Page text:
If you are female, expressing hatred for your own body is not just acceptable, it’s practically de rigeur. Failure to indulge in the requisite amount of self-flagellation – my thighs! my skin! my face! – isn’t just negligent, it’s unfeminine. Self-hatred is fundamental to how femininity is constructed, more fundamental than any of the more obvious external symbols (dress, make-up, shoes). What matters is not that you are beautiful, but you know your place in the beauty hierarchy (and since every woman ages, every woman’s place will eventually be somewhere at the bottom).
Young women are encouraged to bond over their dislike of excess body hair, surplus flesh and “uneven” skin. They are meant to do so in a jovial way, egged on by perky adverts informing them what “real women” do: worry about having underarms beautiful enough for a sleeveless top, celebrate curves with apologetic booty shakes and cackle ruefully over miserable Sex-and-the-City-style lunches of Ryvita and Dulcolax. It’s a gendered ritual; men get football and booze, women get control pants and detoxes. We are supposed, of course, to be grateful. Hey, you don’t have to be perfect! Just know you’re not perfect and act accordingly, with the appropriate levels of guilt and shame!
Fairy tale after fairy tale tells us that what matters is being beautiful “on the inside” but what does that really mean? It means submission, obedience and the suppression of one’s own desires. Don’t be haughty and proud. Clean the hearth. Kiss the frog. Love the beast. Suck it up when you’re replaced by a younger model. Sure, you may look fine, but you mustn’t feel fine. You mustn’t be vain. You mustn’t be angry. All fury and pain must be turned back on itself. That way you’ll be a real princess: silent, fragile and never threatening to challenge the status quo.
“Depression is stupid and not a thing that makes me a better writer. One time I went a whole year without writing and I stayed in bed and drank. Fuck your Bukowskisms. I want sunlight and love and running down some street I’ve never been on where it’s warm and cool at the same time and I’m smiling. I want nothing to ever be bad again- and I don’t mean that I want a life free of conflict, I mean that I want a life free of meaningless conflict. Not being able to will oneself to take a shower or leave the house is meaningless. There is nothing to be gained, no lesson to be learned from that kind of life. My heart is stale, my prose is stale. Give me fire if you want to hurt me. Give me something I can taste. There’s nothing romantic or mysterious about where I am. There’s nothing here worth holding onto.”—By Joshua Espinoza (via doubtsbestally)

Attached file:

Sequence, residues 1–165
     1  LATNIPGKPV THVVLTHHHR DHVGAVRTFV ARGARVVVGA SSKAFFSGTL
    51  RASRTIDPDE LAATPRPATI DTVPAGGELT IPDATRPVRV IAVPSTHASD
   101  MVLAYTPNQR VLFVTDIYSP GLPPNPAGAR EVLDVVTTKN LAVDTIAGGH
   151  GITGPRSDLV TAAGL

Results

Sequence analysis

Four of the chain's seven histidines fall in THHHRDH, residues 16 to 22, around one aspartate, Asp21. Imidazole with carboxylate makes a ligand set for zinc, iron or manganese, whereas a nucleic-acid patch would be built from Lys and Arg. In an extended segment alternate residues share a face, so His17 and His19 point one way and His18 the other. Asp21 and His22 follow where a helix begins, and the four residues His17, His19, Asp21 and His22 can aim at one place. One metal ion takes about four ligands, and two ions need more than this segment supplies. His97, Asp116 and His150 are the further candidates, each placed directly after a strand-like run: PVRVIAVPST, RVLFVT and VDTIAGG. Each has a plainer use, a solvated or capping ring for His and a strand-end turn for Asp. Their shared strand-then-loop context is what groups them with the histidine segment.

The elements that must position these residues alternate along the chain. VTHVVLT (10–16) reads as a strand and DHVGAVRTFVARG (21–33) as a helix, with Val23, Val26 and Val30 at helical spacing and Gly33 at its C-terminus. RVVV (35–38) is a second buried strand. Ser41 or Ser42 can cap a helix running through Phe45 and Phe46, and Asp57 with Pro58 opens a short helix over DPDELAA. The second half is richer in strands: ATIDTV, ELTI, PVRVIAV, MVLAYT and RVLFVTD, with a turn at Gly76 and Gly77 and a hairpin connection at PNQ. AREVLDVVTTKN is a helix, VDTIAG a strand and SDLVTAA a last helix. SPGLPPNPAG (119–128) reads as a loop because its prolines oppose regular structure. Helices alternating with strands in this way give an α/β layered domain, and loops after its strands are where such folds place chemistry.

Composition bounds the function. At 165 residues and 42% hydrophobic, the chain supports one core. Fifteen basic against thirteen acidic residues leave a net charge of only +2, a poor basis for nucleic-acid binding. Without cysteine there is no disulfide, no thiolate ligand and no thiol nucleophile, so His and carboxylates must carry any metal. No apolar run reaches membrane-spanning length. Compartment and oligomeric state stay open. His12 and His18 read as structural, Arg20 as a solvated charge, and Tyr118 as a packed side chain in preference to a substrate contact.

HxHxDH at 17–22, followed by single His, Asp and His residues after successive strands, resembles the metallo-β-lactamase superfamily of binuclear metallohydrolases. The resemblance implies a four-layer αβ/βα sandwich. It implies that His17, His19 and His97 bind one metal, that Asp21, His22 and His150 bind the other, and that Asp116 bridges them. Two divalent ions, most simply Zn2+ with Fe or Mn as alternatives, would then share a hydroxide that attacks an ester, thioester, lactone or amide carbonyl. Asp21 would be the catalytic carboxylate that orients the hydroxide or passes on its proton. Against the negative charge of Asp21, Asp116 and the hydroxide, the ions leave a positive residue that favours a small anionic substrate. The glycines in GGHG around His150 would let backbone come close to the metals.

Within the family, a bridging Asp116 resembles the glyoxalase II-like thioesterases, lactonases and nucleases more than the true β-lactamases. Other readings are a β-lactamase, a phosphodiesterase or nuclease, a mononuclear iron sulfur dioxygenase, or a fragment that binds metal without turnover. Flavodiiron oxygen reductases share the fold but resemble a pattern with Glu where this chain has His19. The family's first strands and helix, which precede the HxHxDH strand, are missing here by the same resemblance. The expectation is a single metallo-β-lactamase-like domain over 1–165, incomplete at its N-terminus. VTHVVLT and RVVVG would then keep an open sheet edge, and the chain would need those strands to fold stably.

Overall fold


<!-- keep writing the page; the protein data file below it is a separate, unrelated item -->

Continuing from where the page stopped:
“Jenny Holzer’s famous truism “Protect me from what I want” renders in a very precise way the fundamental ambiguity of the hysterical position. It can either be read as an ironic reference to the standard male chauvinist wisdom that a woman, when left to herself, gets caught in the self-destructive fury, so that she must be protected from herself by the benevolent male domination: “Protect me from the excessive self-destructive desire in me that I myself am not able to dominate.” Or it can be read in a more radical way, as pointing towards the fact that in today’s patriarchal society, woman’s desire is radically alienated, that she desires what men expect her to desire, that she desires to be desired by men. In this case, “Protect me from what I want” means “What I want, precisely when I seem to formulate my authentic innermost longing, is already imposed on me by the patriarchal order that tells me what to desire, so the first condition of my liberation is that I break up the vicious cycle of my alienated desire and learn to formulate my desire in an autonomous way.””—Slavoj Žižek, How To Read Lacan (via aminaabramovic)